Parvez Rasool realises dream to play for India
- Sports court tears Narsingh Yadav defence, NADA’s credibility
- Ramya on sedition case: Will not apologise for my Pakistan remark, said nothing wrong
- I can't fight against the government or AFI, but I know the truth: OP Jaisha
- From Rajasthan to Bihar: Tracking floods in north India
- Kashmir unrest: Curfew lifted from parts of Srinagar
Some three years after he was detained by the police on the suspicion of carrying explosives, Parvez Rasool, Jammu and Kashmir's explosive batsman and off-spinner today realised his dream of playing for India.
23-year-old Rasool was chosen to play for India 'A' side against England in a warm up match here on January 6, becoming the first player from the state to make it to the national side.
"Like any other cricketer, I want to play for the country," an excited Rasool said after the selection.
"Bad dream" -- that is his description of the incident in October 2009 when Bangaluru Police detained him for several hours after his kit-bag allegedly showed traces of explosives. He was let off without any charges.
Jammu and Kashmir Chief Minister Omar Abdullah had said that Rasool was made a scapegoat and was detained mistakenly.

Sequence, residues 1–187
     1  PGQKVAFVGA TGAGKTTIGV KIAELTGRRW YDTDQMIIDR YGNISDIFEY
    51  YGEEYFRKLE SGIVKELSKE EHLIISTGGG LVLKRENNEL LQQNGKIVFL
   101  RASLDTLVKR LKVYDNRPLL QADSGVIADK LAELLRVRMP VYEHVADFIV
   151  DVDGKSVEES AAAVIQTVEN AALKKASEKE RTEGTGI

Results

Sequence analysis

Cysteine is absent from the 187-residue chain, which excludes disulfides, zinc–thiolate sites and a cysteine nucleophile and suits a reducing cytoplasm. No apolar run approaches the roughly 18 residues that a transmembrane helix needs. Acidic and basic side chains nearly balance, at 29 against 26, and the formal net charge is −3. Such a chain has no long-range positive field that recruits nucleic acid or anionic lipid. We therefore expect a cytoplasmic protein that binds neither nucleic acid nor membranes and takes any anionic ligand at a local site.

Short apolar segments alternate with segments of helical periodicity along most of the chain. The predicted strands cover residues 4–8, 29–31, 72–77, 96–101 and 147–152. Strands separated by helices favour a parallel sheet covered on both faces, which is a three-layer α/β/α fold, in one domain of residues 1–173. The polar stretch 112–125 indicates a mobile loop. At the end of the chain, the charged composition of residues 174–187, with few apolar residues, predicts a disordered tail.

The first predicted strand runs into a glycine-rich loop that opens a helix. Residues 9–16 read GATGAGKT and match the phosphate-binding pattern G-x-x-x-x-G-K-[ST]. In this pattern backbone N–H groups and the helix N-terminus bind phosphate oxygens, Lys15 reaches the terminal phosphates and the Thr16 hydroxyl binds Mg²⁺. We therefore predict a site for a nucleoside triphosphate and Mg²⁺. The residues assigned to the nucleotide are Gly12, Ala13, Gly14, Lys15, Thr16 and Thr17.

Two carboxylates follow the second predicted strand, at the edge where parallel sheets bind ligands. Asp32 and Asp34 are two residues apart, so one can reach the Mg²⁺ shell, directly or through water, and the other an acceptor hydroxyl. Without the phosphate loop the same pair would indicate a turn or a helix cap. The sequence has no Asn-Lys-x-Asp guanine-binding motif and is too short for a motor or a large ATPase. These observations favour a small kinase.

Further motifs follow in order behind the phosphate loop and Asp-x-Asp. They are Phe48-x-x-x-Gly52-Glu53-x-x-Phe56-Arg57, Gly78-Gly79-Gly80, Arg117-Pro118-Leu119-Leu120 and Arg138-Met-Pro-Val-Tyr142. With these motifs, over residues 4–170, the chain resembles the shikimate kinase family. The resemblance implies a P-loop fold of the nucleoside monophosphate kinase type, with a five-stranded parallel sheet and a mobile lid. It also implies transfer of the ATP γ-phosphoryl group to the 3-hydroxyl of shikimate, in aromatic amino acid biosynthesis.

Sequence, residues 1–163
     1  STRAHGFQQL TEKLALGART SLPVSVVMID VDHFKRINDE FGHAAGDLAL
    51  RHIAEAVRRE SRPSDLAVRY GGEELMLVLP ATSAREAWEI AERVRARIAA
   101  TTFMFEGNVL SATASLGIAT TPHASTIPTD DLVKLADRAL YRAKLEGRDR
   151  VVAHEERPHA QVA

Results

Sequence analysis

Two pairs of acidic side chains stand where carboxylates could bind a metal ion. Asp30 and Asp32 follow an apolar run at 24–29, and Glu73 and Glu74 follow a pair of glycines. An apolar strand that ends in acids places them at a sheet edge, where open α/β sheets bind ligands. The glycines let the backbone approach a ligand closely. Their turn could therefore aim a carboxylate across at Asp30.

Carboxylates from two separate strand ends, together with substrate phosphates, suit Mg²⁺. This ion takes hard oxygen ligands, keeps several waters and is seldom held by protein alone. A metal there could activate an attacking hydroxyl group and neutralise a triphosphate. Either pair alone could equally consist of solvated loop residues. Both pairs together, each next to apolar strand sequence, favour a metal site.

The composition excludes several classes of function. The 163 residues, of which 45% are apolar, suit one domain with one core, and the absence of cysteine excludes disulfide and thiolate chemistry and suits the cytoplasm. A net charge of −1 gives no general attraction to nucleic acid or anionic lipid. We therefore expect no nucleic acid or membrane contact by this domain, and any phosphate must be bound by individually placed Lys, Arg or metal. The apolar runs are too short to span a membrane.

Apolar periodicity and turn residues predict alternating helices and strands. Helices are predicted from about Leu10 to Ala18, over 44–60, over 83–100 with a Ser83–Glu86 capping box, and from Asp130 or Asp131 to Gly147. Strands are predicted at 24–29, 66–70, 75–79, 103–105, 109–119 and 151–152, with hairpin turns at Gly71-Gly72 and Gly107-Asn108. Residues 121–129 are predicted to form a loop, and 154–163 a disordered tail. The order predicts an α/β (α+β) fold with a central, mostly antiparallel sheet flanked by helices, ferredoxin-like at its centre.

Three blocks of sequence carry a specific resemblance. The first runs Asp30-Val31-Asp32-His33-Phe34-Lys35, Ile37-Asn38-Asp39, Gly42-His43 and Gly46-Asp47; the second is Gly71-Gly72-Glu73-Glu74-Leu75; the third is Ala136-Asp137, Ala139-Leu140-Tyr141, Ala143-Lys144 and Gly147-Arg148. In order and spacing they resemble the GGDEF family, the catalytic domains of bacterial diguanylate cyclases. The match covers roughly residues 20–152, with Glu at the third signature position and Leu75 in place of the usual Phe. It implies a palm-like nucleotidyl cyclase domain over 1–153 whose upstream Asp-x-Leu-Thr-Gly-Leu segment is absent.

"There was some defect in the (bag-scanning) machine (at Chinnaswamy stadium in Bangalore) and Parvez was made a scapegoat and detained mistakenly," Abdullah had said.
Rasool was rewarded for his performance in the domestic circuit this season, having amassed 594 runs and picked up 33 wickets from his seven matches.
J&K gave a much better account of themselves during the current Ranji season compiling 15 points from eight games, but it was not enough to ensure them a place in the knock-outs.
The team won two matches, drew three and lost three to be placed at number seven in the Group C.
However, Rasool said his selection in the 'A' team will open up avenues for other players in the state.
"It is a huge boost, not only for me but for the entire team. It adds to the value of J&K cricketers. They will be looked in for IPL," said Rasool.
The South Kashmir based cricketer, though, insisted that it was always India first and IPL later for him.
- Tension between the executive and judiciary could play out in creative, or destructive, ways
- Mental Health Bill tries to address complex issues, but it’s a work in progress
- Modi’s recent statements could help end the troubled region’s long international isolation
- Divya Spandana: Pakistan is no hell, I stand by my remarks
- The freedom from unreason
- Cow protection, paradoxically, poses a threat to the BJP’s project of Hindu unity